Utter the words “Southeastern Conference” during football season and your listeners will envision national championships, top ten rankings, and lucrative television contracts. Today the term is synonymous with the madness that is college football in the South. But in truth, the phrase was not always so meaningful.  The Southeastern Conference (SEC) was not always known by this name.

As college football took hold at schools across the country, southern school officials began to realize that an affiliation with similar institutions would make sense from an economic and geographic perspective. Southern football’s first game took place in 1881 as Kentucky State (now known as the University of Kentucky) beat Kentucky University (now known as Transylvania University) 7.5 to 1.  By 1892, the birth of southern football began in earnest.  Teams from Alabama, A & M College of Alabama (Auburn), Georgia, Georgia Tech, Kentucky, Mississippi, Missouri, South Carolina, Tennessee, and Vanderbilt were playing.  LSU began its proud football history in 1893, Arkansas and Texas A & M in 1894, Mississippi A & M (Mississippi State) in 1895, and Florida in 1906.

Dr. William Dudley, a chemistry professor at Vanderbilt, answered the call for an affiliation of southern schools.  Representatives from seven schools—Alabama, Auburn, Georgia, Georgia Tech, North Carolina, Sewanee, and Vanderbilt—met Dudley on December 22, 1894 at the Kimball House in Atlanta to form the Southern Intercollegiate Athletic Association (SIAA), the grandfather of the SEC.  The SIAA was formed, according to Dr. Dudley, to provide faculty regulation and control of all college athletics.  A year later, 12 more schools were added, including Clemson, Kentucky, LSU, Mississippi, Mississippi State, Tennessee, Texas, and Tulane.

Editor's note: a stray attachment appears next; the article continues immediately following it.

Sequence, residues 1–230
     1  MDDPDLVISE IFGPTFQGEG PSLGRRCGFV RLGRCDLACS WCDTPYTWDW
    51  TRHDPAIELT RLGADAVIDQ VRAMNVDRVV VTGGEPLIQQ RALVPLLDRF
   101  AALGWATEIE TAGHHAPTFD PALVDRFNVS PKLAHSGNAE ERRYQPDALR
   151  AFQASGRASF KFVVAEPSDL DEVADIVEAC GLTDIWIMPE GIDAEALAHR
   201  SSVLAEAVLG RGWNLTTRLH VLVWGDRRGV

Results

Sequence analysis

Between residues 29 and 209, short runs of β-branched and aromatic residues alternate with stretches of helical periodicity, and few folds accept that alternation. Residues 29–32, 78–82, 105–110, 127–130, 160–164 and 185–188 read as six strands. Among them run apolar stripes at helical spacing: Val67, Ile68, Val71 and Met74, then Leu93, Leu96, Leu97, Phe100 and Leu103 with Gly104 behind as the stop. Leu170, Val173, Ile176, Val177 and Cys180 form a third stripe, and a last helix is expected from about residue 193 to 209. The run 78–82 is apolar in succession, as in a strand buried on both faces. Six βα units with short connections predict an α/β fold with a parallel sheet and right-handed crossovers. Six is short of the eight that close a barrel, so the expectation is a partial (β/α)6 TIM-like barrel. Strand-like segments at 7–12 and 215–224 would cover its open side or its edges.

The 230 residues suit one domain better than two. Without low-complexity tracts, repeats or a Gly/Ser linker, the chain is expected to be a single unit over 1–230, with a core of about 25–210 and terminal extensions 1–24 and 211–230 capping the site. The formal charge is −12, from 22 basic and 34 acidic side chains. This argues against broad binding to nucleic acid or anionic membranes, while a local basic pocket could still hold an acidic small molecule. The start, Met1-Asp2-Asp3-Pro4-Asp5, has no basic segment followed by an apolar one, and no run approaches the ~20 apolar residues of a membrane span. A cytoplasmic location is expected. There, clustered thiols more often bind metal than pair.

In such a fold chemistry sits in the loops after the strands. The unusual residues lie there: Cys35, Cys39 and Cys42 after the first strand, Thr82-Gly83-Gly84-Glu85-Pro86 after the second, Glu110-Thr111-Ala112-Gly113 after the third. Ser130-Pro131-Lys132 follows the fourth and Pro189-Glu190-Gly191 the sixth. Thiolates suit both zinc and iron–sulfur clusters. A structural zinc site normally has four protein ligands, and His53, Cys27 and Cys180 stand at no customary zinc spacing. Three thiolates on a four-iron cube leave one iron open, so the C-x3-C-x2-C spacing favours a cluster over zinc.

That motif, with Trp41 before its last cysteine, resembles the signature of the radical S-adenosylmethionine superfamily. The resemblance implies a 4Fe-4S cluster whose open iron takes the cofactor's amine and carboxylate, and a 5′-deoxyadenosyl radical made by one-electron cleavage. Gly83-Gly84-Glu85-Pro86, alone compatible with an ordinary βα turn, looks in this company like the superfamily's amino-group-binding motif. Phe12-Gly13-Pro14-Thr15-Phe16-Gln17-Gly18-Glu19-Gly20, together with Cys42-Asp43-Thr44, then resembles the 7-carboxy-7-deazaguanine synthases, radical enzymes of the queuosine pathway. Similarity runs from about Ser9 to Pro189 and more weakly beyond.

The SIAA held together through the 1920 season.  At the annual conference on December 10, 1920, a disagreement among the schools took place.  The smaller SIAA schools, through their collective vote, passed a rule allowing freshmen players to compete immediately with the varsity and voted down a proposition to abolish a rule that allowed athletes to play summer baseball for money.  Additionally, the SIAA had reached 30 members making it very difficult for the schools to play one another and crown a true champion.  Led by University of Georgia English professor Dr. S.V. Sanford, 18 schools left to form the Southern Intercollegiate Conference (Southern Conference) on February 25, 1921 in Atlanta.  At that point, the SIAA became a conference for small colleges and eventually disbanded in 1942.

The Southern Conference grew to 23 schools by 1932.  Again, the league was too big.  Dr. Sanford convinced the 13 schools west and south of the Appalachian Mountains—Alabama, Auburn, Florida, Georgia, Georgia Tech, Kentucky, LSU,  Mississippi, Mississippi State, Sewanee, Tennessee, Tulane, Vanderbilt–to reorganize as the Southeastern Conference.  Play began in 1933.  By December 1953, eight other schools—Clemson, Duke, Maryland, North Carolina, North Carolina State, South Carolina, Virginia, Wake Forest—had left the Southern Conference to form the Atlantic Coast Conference.  The Southern Conference survives to this day.

Sewanee resigned from the SEC in 1940, Georgia Tech in 1964, and Tulane in 1965.  Arkansas and South Carolina joined the SEC in 1990, and Missouri and Texas A & M joined in 2012.